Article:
Apr 22, 2010

Financial reform moves closer to passing

From the WSJ:
Democrats won the support of a senior Republican who voted in a Senate committee Wednesday for a sweeping overhaul of the market for derivatives, the complex financial instruments at the heart of the financial crisis.
With 41 Republican's in the Senate this is a critical achievement for the bill.  It will be interesting to see how bank shares react.  Tim Duy highlights positive developments making the economic recovery looks sustainable but stock prices and risk assets still appear to be on the high side.

This is particularly true of bank stocks given the public outrage over the pay structure and conflicts of interest.  Reducing systemic leverage is another likely regulatory theme.  Regulatory uncertainty along with lingering insolvency fears make it difficult to understand how owning bank shares makes sense to anyone here.  My personal view is that bank shares are in for a lost decade as deleveraging and capacity reduction work through the sector.  We shall see.

Apr 19, 2010

Link summary from my other blog

I had begun a new blog a few weeks ago while Globaltrader.blogspot.com was still unavailable for posting.  I plan to continue posting only on this blog now that it is restored but if it is removed by Google again I will return to that one.

Posts over the last few weeks had been:

Apr 10, 2010

Are there scale economies in banking?

Mark Thoma concludes his summary on whether scale economies in banking justify the existence and benefit of large banks with the following:

I'd like to know the source of the scale economies. The paper linked above estimates returns to scale, but not their source. As noted in the introduction (and also noted by David):
Our results indicate that as recently as 2006 banks faced increasing returns to scale, suggesting that scale economies are a plausible (though not necessarily only) reason for the growth in bank size...
Without knowing the source of the changes in costs as banks increase in size, the (non-parametric) results -- results that differ from most previous work -- are hard to evaluate. I've been hoping for good estimates of the size and nature of the economies of scale for banks, but I'm not fully convinced by this evidence.

Mark is correct to try to figure out the specifics that are driving the returns in the study.  From my own experience - sales and trading in loans, bonds, and commodities - scale is found mostly through network effects.  The market players that have the most trading flow and transactional experience in a particular market have the accurate prices and up to date information.  This advantage leads to a higher return by being more likely to earn the bid / offer spread when making markets and being able to price services at a premium with clients wanting information access as well.  While this can be a stable and profitable advantage it was a small part of the profit in the banking areas I have worked in.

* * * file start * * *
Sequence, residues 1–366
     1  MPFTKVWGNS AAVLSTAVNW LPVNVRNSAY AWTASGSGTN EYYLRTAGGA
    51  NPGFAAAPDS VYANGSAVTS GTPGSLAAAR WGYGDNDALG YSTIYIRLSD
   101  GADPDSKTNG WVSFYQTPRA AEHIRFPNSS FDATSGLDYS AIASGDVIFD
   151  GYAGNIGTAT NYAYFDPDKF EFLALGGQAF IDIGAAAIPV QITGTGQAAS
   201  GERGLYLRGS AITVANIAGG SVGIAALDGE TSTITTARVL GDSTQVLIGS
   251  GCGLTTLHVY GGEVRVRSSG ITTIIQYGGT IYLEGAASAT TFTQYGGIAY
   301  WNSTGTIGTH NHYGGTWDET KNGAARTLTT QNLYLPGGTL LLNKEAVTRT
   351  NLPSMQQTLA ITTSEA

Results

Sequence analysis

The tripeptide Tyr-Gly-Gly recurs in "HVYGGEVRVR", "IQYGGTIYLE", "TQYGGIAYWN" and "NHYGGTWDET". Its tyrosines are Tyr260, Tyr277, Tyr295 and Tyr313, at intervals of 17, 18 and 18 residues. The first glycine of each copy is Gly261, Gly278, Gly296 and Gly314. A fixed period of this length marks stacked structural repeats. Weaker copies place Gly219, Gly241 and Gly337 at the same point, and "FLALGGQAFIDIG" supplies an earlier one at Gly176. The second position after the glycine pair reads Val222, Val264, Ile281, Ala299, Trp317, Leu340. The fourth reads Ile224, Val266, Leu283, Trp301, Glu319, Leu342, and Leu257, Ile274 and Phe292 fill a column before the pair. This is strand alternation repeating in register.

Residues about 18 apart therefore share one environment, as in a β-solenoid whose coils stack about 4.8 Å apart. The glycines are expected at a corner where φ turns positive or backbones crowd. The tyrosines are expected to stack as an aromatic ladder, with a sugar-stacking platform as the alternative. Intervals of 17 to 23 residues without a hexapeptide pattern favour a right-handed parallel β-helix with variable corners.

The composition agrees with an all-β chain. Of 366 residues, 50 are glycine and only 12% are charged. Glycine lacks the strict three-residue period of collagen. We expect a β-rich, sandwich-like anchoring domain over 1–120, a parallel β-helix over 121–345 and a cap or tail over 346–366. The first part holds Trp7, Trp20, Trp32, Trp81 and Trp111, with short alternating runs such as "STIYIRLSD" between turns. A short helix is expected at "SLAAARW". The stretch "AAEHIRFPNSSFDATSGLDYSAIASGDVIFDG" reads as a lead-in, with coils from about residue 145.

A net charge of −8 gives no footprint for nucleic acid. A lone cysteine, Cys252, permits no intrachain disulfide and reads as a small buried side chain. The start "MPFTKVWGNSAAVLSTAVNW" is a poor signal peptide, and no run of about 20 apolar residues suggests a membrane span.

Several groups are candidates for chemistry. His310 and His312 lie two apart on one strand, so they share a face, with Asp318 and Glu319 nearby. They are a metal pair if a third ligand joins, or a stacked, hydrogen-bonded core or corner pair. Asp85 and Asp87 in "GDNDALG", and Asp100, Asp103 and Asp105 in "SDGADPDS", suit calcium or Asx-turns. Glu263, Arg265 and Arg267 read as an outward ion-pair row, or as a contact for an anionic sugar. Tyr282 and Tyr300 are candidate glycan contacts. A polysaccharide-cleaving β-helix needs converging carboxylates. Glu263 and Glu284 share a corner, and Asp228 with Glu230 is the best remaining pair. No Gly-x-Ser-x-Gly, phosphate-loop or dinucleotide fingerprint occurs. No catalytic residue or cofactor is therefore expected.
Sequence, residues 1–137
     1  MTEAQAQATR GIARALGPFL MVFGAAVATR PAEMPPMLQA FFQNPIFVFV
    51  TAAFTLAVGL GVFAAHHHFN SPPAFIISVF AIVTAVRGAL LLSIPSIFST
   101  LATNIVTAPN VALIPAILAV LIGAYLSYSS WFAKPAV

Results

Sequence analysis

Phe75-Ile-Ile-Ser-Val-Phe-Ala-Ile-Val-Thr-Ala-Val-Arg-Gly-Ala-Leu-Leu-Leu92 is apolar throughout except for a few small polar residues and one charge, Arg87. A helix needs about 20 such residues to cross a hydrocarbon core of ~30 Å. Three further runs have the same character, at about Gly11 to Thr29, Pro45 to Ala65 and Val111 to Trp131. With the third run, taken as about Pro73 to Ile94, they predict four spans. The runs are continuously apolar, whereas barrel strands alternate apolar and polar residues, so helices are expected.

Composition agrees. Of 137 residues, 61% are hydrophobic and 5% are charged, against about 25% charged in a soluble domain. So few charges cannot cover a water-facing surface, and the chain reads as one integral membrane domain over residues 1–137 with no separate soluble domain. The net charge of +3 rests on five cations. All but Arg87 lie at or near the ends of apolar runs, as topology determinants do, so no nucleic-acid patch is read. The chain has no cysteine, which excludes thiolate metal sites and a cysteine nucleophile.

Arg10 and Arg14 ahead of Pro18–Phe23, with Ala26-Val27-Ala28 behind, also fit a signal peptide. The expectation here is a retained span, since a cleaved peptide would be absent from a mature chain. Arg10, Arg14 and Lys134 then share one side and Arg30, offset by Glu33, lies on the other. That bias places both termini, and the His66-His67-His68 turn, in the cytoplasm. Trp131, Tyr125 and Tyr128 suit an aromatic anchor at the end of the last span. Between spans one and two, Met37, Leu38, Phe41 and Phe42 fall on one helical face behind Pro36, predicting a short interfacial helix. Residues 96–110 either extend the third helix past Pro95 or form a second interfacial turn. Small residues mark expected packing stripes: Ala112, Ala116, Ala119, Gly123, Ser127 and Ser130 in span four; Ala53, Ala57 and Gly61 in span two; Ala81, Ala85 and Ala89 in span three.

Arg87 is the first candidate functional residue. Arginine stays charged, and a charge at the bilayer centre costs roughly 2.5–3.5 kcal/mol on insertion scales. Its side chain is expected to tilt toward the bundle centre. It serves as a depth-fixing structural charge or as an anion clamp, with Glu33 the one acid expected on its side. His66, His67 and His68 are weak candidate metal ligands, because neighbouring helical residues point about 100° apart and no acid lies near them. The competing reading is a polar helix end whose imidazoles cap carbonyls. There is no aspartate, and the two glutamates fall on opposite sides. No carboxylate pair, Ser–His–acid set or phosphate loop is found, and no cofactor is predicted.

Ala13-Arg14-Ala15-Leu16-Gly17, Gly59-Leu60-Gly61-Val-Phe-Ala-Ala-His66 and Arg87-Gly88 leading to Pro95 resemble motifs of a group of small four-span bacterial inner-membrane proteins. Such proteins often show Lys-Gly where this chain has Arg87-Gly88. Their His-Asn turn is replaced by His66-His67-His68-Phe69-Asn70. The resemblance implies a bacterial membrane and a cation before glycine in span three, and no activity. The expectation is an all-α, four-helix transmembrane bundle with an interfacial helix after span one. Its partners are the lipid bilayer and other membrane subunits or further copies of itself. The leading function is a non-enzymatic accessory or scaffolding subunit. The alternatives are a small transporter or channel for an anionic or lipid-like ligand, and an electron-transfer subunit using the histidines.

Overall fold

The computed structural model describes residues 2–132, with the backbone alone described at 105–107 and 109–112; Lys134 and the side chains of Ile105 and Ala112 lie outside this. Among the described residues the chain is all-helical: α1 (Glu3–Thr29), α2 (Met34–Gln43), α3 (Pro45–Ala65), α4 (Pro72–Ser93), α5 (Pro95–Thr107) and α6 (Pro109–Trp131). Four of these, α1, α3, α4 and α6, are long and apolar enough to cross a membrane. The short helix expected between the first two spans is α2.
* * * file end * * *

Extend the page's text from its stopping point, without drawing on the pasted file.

I would expect other economies of scale on the deposit taking side of the business as servicing a large number of depositors in a centralised fashion seems like a classic scale business.  The number of clients and transactions adds little marginal cost while the licensing, reputation, and infrastructure represent substantial fixed costs.  This advantage is hived off from the risk taking and higher margin bank  businesses with the internal treasury and risk department charging LIBOR plus a spread for use of funds.  These risky parts of the business still tend to grow fairly large despite the absence of scale economies.  I attribute this to the money politics of the industry as empires grow and shrink based on raw profit.  Growth is revenue rather than cost driven.   This fits well with the ease that hedge funds have found competing against banks in sales and trading functions though funds usually start with few people and no scale.

Another thought that I had from reading David's post, was that even if there are economies of scale that does not justify "too big to fail".  It shows that big can be a public benefit but if that is the case then a system needs to be created so that the naturally big entities created can be wound down effectively if necessary.  I believe this is now widely accepted following the difficult ad hoc responses that became necessary for troubled large institutions in 2008.

Particular banking businesses may need to be large to get the maximum public benefit but for the reasons above I doubt this applies to the financial industry as a whole.  Careful thought should be given so that if a safety net for large institution needs to be maintained it only applies to functions that can justify scale benefits.  If scale can be justified it still does not justify the lack of a mechanism to wind down large institutions when necessary.